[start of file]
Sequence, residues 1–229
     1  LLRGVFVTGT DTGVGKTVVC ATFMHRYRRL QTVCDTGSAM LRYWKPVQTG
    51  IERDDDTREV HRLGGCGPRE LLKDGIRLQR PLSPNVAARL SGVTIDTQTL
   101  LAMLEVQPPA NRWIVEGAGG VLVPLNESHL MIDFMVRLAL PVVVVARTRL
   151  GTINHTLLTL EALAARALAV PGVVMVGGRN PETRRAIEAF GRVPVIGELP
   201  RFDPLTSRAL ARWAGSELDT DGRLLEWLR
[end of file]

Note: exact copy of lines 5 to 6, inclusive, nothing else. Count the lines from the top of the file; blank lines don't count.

   151  GTINHTLLTL EALAARALAV PGVVMVGGRN PETRRAIEAF GRVPVIGELP
   201  RFDPLTSRAL ARWAGSELDT DGRLLEWLR